Kathleen Errico, who lives in Haverhill, Massachusetts, is refusing to let her daughter’s legacy end with heroin addiction.
I have been asked by so many people to share my daughter’s eulogy that I wrote and read at her funeral. I am more than happy to do so. Hopefully it will work as many miracles as her obituary has. We need to talk and educate the world about this epidemic.
My beautiful Kelsey Grace….I hope as you are looking down from Heaven that you are FINALLY able to see how much you were adored, admired, and so so loved. The amount of people that have been affected by your death is a true testament to the impact you had on everyone you met in your 23 short years of life.
Never ever did I think that God would decide to call you home so soon. It has been many long, hard, agonizing battles for the last few years and you fought like a warrior every step of the way. Addiction however, won the war. To the person who doesn’t understand addiction she is just another statistic who chose to make a bad decision. A very uneducated statement indeed but nonetheless that is what they will say along with some other very hurtful statements. I don’t care though because for the people who do understand, this was our baby, our youngest, our child, our daughter and as a mother; my every thing. She was a mother, a sister, an auntie, a niece, a granddaughter, a friend, a cousin, a human being and an addict. With her award winning smile, sparkling diamond eyes, witty dry humor, loyalty to a fault and calming ways it is easy to see why anyone who met Kelsey instantly fell in love. She was an old soul for such a young woman and a complete throwback which made you love her even more. I had joked with her last week saying I bet if I gave you a pair of legwarmers you’d throw them on and wear them with pride. She said you know it mom! She never cared what anyone else thought and always stuck up for the underdog. The beauty she exuberated would take your breath away. It wasn’t just beauty on the outside because her soul was just as beautiful on the inside.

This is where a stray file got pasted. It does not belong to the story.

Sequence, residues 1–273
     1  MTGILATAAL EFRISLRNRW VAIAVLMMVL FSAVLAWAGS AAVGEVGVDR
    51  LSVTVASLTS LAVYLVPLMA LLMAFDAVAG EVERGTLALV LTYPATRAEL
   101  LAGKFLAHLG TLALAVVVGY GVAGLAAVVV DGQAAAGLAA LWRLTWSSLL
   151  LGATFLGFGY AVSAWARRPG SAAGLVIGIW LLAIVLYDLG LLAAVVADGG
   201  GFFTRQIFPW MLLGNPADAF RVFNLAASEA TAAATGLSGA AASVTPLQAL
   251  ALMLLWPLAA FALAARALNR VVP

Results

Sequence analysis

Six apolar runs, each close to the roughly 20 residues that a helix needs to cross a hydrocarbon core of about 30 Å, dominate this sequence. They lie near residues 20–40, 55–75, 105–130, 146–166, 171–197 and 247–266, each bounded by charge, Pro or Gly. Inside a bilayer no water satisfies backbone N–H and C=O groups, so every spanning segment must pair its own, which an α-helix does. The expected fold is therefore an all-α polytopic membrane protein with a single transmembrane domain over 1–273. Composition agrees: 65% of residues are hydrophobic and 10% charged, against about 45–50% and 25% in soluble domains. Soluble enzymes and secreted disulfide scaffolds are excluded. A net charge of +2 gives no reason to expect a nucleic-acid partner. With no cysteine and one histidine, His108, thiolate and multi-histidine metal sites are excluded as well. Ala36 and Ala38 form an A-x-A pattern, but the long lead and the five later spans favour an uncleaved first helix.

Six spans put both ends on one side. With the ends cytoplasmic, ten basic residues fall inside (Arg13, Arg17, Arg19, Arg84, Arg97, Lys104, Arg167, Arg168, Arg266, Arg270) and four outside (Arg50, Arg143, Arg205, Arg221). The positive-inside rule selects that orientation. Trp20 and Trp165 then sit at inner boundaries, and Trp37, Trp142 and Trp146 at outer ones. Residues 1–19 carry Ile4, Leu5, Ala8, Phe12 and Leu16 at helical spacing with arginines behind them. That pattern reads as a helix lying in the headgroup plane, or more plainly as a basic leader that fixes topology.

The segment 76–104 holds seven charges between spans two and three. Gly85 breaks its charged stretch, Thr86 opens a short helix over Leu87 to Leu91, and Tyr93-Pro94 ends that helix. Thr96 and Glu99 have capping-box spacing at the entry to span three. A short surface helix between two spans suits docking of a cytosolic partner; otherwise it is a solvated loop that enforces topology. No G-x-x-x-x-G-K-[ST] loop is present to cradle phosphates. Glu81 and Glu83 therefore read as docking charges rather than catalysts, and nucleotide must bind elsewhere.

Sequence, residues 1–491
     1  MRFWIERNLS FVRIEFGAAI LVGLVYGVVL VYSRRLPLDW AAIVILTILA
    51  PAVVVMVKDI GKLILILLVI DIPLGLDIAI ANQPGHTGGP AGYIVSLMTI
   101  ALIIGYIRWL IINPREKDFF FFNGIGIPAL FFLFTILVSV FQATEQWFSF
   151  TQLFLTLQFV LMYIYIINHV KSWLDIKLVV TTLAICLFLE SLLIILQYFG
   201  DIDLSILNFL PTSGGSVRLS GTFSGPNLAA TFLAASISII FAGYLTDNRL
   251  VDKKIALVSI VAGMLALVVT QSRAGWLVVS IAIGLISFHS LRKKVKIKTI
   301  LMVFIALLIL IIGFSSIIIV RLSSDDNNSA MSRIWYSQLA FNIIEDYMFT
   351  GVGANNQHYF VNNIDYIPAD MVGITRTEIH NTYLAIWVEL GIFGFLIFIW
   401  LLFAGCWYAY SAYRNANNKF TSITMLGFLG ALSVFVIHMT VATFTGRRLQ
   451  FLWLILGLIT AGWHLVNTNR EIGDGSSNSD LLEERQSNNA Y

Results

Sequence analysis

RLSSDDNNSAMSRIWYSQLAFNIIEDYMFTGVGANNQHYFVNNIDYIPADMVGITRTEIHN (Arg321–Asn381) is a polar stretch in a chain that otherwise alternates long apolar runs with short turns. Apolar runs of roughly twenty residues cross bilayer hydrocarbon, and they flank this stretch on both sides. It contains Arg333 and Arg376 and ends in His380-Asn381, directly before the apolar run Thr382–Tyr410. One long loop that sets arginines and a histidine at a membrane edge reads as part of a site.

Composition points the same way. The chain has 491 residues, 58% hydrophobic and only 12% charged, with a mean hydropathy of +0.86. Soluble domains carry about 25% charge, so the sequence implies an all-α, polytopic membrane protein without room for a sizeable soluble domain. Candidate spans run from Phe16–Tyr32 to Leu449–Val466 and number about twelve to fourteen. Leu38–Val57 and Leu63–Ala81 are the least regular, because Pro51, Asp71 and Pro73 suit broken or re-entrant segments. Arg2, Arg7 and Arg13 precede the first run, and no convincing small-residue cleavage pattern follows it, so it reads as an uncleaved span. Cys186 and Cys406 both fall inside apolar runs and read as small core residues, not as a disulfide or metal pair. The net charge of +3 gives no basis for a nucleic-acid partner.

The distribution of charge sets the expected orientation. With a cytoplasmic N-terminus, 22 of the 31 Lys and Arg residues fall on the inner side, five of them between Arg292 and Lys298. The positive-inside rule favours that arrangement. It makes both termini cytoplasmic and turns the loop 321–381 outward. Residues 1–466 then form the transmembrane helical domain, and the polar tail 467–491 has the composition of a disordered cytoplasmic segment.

Her reality was that with those sparkling eyes, she never saw what the rest of us saw. She looked in her own distorted mirror and this is what her reflection displayed; and these are her own words: ”I am someone who is determined, insecure, emotional, neurotic, shameful, cunning, angry and honest. I am everything but simple. I hate being alone yet am addicted to the feeling of sorrow and depression. I am a person who is too insecure to be loved and terrified to be broken. I am hard on the outside but an emotional train wreck deep within the heart.” Her addiction told her she wasn’t worthy or deserving. She turned to drugs to make her feel normal like everyone else. Heroin told her I can make you feel accepted, I can make you feel alright, I can make you feel worthy, I can make you feel normal, I can make you feel loved, I can make you feel nothing and make you feel like everything will be ok. What it didn’t tell her was how it would devastate her family and tear it apart, how it would take her job and leave her penniless, how it would steal her son from her arms , how it would take her home , how it would take her sparkle, how it would take her smile, how it would take her humor and how it would take and take and take until it took her life.
Kelsey had spent September of 2014 up until her passing on April 2, in multiple rehab facilities trying to fight this demon. For 2 years she had not lived at home and literally transferred from program to program in order to get her life and son back. She worked hard and fought the good fight eventually regaining custody of her beautiful baby boy Camden and finding that sobriety was a much better way to live, but the demon was still there. Kelsey had just 10 months shy of sobriety and was due to move home in 2 months but God had other plans. He saw her constant struggle and decided to finally let her find peace. He knew Camden was loved and safe and it was time to have Kelsey feel the same.